Changes to the Job Support Scheme (currently deferred)
- Updated 3rd November 2020 *
On the eve of the new Job Support Scheme coming into force, the UK Government announced that the scheme will be deferred by at least one month. As a result, the Job Retention Scheme has been extended on more favourable terms.
Full details about the extended Job Retention Scheme, including an updated claims process and when the first claims can be made, is yet to be issued and we will update you when we know more. The details that have been released are:
- There will be no gap in eligibility for support between the old furlough arrangements and this extension to the Job Retention Scheme.
- The methodology for the calculations will remain broadly the same as those we have seen in previous months.
- Employees can be furloughed on a full or part-time basis.
- Neither the employer nor the employee needs to have previously used the CJRS.
- To be eligible to be claimed for under this extension, employees must be on an employer’s PAYE payroll by 23:59 30th October 2020. This means a Real Time Information (RTI) submission notifying payment for that employee to HMRC must have been made on or before 30th October 2020.
- Employers can claim 80% of wage costs for non worked hours up to a cap of £2,500, whilst retaining responsibility for paying hours that have been worked together with all National Insurance and pension contribution costs. The employer can top up their employees pay, should they want to.
- A claim must be submitted for a minimum period of 7 consecutive days.
- If an employee was on the payroll as at 23 September 2020 and have since been made redundant or stopped working for the business, they can be re-employed and put on furlough.
The Job Support Scheme (JSS) was amended on 22 October by the Chancellor, but has now been deferred by one month as outlined above.
Why has the JSS had to be changed?
The JSS, as originally announced, was criticised widely as the overall level of support that it provided to employers, was comparatively low in comparison to the Coronavirus Job Retention Scheme.
The view from many businesses was that it did not provide enough support to justify retaining jobs, at a time where businesses were being either closed or severely restricted in terms of operations.
For many businesses, the simpler choice was to move to redundancy processes, rather than use the JSS. With the changes that have been announced, it may be possible for more employers to now retain staff.
The updated JSS will operate through the same period as previously intended, being 1 November 2020 to 30 April 2021.
The key changes which have been announced by the chancellor are as follows:
1) The JSS is now being split into two different types:
a. The JSS (Open); and
b. The JSS (Closed)
Employers who are suffering decreased demand can use the JSS (Open) scheme and employers whose premises have had to close due to legal restrictions, are able to use the JSS (Closed) scheme.
These main points for each scheme can be summarised as follows:
The JSS (Closed), is applicable to only those businesses which have been legally required to cease operations due to Government restrictions and where that period of closure continues for at least seven consecutive days. Please note this scheme is not for employers who elect to close for a period of time.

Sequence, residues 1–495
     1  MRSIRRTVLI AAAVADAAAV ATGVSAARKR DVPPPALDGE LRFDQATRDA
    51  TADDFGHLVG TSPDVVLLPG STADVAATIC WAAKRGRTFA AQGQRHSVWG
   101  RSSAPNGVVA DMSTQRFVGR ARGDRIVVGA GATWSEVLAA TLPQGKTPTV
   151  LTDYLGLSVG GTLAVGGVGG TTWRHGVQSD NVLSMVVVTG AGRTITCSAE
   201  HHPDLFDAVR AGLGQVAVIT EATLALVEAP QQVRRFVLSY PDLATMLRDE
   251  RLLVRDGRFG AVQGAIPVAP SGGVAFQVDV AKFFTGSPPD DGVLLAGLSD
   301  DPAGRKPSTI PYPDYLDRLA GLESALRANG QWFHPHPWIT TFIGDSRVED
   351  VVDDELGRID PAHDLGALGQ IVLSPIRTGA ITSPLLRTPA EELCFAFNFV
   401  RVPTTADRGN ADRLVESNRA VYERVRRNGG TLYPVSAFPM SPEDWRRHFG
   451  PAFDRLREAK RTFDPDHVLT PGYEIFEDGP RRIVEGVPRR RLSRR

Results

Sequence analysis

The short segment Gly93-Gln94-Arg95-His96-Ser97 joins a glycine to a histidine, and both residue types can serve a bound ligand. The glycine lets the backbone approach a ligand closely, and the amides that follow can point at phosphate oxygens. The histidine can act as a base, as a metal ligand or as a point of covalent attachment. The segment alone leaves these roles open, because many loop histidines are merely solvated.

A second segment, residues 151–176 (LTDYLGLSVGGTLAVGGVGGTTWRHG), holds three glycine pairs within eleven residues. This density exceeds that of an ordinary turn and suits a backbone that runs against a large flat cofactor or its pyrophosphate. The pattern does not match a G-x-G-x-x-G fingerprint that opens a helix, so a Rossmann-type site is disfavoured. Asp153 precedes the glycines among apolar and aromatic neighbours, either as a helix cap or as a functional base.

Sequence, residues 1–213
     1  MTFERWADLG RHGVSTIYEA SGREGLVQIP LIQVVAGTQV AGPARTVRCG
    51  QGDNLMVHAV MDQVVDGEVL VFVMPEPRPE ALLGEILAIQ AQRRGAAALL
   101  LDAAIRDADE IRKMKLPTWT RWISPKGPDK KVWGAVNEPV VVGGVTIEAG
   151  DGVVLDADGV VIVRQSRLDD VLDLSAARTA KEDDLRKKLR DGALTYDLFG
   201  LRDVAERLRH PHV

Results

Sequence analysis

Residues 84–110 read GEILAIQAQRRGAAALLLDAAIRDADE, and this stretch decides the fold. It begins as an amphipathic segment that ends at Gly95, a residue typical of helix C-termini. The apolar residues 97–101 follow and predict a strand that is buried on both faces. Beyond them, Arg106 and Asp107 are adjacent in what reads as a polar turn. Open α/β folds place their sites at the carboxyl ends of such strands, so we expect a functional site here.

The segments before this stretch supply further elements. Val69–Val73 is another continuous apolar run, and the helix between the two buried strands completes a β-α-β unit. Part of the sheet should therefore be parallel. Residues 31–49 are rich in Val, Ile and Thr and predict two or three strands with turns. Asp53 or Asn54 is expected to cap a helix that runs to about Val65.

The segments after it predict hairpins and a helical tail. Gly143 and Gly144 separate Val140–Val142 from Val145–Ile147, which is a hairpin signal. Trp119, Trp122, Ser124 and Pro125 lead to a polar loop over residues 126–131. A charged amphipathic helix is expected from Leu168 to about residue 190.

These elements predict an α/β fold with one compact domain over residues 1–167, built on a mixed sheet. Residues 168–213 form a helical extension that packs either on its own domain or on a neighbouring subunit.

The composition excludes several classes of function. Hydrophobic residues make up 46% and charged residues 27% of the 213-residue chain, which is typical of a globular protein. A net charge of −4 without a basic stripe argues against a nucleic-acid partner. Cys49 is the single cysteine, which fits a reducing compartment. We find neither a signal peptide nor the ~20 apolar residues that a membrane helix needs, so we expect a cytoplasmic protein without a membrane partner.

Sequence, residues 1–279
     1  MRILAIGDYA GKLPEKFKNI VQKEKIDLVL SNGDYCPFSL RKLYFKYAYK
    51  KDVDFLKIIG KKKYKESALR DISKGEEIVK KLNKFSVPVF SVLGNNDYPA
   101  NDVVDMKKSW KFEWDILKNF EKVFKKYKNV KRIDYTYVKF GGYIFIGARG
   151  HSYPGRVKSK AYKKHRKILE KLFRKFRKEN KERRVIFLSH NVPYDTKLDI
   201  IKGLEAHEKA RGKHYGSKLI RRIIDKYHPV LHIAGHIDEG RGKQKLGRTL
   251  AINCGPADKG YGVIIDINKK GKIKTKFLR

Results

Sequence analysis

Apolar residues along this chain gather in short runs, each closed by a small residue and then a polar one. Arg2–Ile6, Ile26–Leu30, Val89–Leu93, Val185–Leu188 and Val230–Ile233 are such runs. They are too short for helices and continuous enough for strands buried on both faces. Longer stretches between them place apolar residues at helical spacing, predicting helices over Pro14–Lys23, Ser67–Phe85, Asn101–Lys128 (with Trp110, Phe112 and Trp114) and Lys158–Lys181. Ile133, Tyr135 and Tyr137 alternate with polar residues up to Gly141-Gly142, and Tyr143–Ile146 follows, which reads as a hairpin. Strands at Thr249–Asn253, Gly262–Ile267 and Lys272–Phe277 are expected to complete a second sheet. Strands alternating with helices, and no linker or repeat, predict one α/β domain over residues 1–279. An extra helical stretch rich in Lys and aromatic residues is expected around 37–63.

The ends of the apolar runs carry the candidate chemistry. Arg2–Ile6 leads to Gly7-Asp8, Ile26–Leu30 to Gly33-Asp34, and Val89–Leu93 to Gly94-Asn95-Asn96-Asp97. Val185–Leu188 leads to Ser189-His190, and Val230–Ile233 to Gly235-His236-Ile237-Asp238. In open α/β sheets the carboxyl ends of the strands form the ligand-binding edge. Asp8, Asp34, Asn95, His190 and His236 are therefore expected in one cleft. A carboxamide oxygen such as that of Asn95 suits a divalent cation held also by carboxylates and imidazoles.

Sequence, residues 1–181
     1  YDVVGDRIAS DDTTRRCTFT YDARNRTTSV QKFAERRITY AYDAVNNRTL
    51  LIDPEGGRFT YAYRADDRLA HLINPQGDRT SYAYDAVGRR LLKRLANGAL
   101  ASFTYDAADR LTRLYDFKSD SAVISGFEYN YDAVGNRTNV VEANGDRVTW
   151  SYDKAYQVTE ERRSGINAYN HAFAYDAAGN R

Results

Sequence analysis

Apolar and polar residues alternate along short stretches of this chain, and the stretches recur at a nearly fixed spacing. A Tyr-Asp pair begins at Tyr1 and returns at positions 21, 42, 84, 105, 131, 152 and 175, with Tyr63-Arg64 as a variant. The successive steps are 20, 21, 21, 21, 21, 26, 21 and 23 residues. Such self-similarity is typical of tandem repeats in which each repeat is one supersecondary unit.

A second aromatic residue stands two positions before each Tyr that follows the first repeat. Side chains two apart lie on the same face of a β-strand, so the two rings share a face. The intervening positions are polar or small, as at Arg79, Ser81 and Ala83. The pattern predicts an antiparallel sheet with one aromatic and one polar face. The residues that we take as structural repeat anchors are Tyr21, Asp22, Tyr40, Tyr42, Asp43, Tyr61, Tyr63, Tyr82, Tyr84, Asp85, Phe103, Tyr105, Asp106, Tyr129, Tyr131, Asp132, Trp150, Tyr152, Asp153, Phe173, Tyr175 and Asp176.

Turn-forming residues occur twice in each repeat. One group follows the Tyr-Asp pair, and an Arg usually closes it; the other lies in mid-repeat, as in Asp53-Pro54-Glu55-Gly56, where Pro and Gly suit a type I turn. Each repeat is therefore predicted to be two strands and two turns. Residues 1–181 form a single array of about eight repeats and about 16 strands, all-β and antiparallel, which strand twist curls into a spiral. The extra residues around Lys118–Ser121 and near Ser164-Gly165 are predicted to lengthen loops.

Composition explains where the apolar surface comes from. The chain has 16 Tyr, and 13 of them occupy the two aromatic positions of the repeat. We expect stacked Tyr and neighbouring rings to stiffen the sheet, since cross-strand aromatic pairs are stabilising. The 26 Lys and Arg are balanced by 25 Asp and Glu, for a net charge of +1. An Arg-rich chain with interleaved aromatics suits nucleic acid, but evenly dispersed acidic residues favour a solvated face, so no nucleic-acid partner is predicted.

When the Government restrictions no longer apply, claims cannot be made under the JSS (Closed). However, a business that has been in the JSS (Closed), can then move into the JSS (Open), when the restrictions are eased so that they can open their premises and operate at reduced demand.
If an employer elects to close and has no work for their staff, it is worth noting that they cannot use the JSS (Open). This is due to the employee not working the minimum number of hours, as outlined in the scheme criteria.
Large employers will have to show reduced sales to use the JSS (Open)
Large employers with more than 250 employees will have to be able to show that their “income” has remained equal to, or been negatively affected, compared to the same period in 2019.
In practice, it is expected that this will be carried out by using VAT returns which are to be filed from 31 August 2020 to 7 November 2020 and comparing those to the VAT returns for the same period in 2019.
The turnover in the VAT returns will be used to carry out a Financial Impact Test where the turnover would be expected to be equal to, or less than, the 2019 figure for a large business to use JSS (Open).
The Financial Impact Test requirement for large businesses is stated to apply to the JSS (Open) and so the assumption is that large businesses can use the JSS (Closed) for employees at premises which have been closed by legal requirement without the Financial Impact Test applying to those premises.
No JSS claims by large employers where shareholder distributions made
The guidance states that where large employers (i.e. those with >250 employees) are claiming JSS (Open) or JSS (Closed) then they will not be able to make capital distributions in the form of dividends, charges, free distributions or any equivalent payment a partnership may make to its partners. Notably, the guidance says:
“the Government does not plan to make this expectation a contractual or legal condition of the scheme but encourages business to reflect on their responsibilities and that taxpayers should be able to rely on public money only being claimed where it is clearly needed”
Overall, these changes are welcome and better reflect the restrictions that businesses need to operate under.
However, the rules for when a business is within JSS (Open) and JSS (Closed) will, of course, create additional complexity and difficulty when viewed from the perspective of businesses by whom the claims will actually be made.
Get in touch
If you have any questions about the Job Support Scheme, please get in touch with our Employer Advisory Team: EmployerAdvisoryTeam@hlca.co.uk